For O’Driscoll, not playing was never an option. It was a gamble but he was never going to let this one pass by.

“I wasn’t at 100 per cent and it wasn’t my finest performance but that’s neither here nor there when you have a medal round your neck,” said O’Driscoll.

“I definitely felt that Northampton were sitting back, going into their shell. I knew we could score points, although maybe not 27 unanswered points.”

There is always a contrast between the mood of the victors and that of the losers.

Late on Saturday evening, as the tumult in the Cardiff streets surrounding the Millennium Stadium showed no sign of easing, the slow trudge of Northampton feet towards their team bus could be heard. They didn’t hide, they didn’t duck what had happened but they were shattered.

The empty stare in their eyes told its own tale. Not only had they led by 16 points at half-time, they had been dominant in all phases, in all areas. Their scrum had demolished

Leinster’s, shoving them on to their backsides even when reduced to seven men with Brian Mujati in the sin-bin, and their back-line had made merry, fly-half Stephen Myler ruling supreme.

Tries from Phil Dowson, Foden and Dylan Hartley were the natural consequence.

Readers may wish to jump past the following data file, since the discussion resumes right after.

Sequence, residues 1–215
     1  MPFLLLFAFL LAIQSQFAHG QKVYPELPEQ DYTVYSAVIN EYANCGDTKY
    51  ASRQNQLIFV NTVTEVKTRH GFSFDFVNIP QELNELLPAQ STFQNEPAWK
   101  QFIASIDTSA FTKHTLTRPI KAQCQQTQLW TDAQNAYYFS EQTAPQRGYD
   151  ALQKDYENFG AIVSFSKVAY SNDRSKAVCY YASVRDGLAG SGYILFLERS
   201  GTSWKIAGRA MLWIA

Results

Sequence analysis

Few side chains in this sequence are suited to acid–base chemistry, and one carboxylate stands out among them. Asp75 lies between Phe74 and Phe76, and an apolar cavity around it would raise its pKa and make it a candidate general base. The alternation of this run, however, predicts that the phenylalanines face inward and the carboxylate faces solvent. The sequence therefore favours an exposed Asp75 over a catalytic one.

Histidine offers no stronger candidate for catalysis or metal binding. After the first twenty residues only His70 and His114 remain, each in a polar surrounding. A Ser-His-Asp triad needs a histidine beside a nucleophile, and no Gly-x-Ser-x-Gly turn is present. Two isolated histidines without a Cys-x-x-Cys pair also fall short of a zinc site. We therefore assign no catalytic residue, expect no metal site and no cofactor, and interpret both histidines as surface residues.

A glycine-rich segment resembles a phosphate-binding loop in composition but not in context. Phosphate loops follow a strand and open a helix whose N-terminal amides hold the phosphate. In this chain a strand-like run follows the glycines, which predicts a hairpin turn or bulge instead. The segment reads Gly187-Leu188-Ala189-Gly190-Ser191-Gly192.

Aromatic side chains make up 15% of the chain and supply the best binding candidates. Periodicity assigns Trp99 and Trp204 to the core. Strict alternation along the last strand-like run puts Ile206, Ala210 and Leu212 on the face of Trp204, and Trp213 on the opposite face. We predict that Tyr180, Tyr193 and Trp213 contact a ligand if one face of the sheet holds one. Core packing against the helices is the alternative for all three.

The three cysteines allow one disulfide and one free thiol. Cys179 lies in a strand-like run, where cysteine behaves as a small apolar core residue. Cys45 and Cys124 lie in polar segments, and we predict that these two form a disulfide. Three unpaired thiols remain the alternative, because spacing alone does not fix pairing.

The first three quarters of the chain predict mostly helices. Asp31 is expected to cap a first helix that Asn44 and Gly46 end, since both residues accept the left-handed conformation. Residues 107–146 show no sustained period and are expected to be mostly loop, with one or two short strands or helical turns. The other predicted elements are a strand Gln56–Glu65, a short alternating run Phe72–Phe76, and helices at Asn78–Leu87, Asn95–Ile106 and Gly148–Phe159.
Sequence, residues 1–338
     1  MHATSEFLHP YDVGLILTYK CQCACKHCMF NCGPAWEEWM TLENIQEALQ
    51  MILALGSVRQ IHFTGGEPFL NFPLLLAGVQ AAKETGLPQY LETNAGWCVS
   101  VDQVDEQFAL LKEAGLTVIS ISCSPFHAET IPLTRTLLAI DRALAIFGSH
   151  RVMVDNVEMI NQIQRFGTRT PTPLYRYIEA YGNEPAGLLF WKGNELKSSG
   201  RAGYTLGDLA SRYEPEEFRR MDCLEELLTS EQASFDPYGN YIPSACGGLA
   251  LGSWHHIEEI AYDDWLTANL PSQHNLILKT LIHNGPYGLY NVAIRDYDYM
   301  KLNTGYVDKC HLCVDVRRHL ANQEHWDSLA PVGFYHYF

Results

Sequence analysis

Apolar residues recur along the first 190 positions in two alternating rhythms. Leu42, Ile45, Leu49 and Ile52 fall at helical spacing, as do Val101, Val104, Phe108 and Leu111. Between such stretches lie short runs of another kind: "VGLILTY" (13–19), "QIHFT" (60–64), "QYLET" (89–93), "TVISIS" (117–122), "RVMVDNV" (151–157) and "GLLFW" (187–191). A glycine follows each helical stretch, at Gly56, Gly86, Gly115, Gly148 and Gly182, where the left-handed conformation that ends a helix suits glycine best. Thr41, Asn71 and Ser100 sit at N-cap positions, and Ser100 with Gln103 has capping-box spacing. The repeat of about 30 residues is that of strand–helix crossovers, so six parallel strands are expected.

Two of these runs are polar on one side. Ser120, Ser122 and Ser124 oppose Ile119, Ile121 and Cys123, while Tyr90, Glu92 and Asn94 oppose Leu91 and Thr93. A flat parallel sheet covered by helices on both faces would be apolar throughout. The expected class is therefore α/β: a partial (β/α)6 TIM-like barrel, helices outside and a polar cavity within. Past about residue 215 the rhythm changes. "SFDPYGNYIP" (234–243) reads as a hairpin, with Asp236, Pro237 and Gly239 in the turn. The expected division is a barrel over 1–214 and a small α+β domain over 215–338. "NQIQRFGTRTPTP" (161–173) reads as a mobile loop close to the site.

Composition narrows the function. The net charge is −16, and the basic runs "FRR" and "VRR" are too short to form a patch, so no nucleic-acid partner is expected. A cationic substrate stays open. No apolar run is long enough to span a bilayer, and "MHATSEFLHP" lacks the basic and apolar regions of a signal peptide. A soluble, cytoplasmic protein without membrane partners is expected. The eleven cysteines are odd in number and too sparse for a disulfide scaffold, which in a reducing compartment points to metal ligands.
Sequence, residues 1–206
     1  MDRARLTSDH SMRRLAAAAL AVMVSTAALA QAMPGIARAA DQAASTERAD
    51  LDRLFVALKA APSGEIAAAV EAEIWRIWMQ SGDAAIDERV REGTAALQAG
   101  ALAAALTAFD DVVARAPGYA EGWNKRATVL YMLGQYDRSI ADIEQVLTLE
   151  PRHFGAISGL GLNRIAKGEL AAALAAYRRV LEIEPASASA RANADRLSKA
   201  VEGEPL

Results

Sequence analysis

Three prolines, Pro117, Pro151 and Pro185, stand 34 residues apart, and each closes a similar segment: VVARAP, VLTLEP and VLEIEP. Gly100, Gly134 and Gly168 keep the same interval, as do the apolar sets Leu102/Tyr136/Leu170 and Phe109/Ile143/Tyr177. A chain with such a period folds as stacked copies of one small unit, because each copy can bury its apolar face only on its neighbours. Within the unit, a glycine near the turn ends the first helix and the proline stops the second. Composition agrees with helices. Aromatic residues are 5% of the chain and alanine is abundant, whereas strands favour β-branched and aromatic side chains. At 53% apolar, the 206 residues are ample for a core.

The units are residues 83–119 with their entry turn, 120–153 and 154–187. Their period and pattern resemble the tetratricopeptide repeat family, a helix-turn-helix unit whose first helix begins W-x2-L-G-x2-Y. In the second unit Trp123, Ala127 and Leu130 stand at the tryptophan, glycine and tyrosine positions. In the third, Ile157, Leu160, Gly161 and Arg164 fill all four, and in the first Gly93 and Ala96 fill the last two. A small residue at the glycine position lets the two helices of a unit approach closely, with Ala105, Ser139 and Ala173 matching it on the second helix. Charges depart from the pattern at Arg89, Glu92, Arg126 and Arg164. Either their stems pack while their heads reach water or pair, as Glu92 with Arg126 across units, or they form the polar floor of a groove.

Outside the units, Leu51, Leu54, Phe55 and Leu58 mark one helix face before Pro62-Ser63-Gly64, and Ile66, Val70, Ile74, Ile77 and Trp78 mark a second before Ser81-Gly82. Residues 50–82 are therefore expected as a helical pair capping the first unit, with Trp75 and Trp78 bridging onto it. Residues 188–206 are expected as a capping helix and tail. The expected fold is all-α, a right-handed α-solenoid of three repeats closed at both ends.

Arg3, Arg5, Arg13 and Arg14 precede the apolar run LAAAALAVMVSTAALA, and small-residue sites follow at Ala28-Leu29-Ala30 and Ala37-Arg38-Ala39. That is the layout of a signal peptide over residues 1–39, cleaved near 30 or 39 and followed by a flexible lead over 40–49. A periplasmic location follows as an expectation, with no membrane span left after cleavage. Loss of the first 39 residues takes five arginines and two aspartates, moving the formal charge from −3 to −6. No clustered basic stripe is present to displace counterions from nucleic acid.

And then it all went horribly wrong. “The worst 15 minutes of my professional career,” in the words of Foden. “I wanted someone to pinch me, or to be back in the changing room.”

Not possible. Sexton cruised through for two tries, Dowson was sin-binned, Sexton knocked over the goals (scoring 20 points in 20 minutes), Nathan Hines touched down for another try in the 65th minute and it was all over.

“This is very much up there in my all-time memories,” said O’Driscoll. “When you’re all finished and looking back in 15 years’ time or so, then, yes, this was a good day.” It was that.

Out of nowhere: five memorable comebacks

Bath 19 Brive 18
(1998 Heineken Cup final Bordeaux)
Underdogs Bath trail the defending champions15-6 at half-time but a try by and two penalties from Jon Callard stun the French team.

France 43 New Zealand 31
(1999 World Cup semi-final, Twickenham)
New Zealand, huge tournament favourites, lead 24-10 after 44 minutes. But France score 26 points in 13 stunning minutes, inspired by Christophe Lamaison’s kicking and tries from Christophe Dominici, Richard Dourthe and Philippe Bernat-Salles.

Stade Français 30 Leicester 34
(2001 Heineken Cup final, Paris)
Leicester trail 15-9 at half-time and continue to be behind up until the very last minute, when Leon Lloyd scores his second try of the game.

Wales 31 Scotland 24
(2010 Six Nations, Cardiff)
Shane Williams’s try sees Wales overturn a 24-14 deficit in the final six minutes. A Leigh Halfpenny try and a Stephen Jones penalty level the scores before Williams strikes.

South Africa 28 Lions 25
(2009, second Test, Pretoria)
The Lions hold an 11-point lead going into the final quarter, but tries by Bryan Habana and Jacque Fourie and a 53-metre penalty by Morne Steyn force a Springbok win.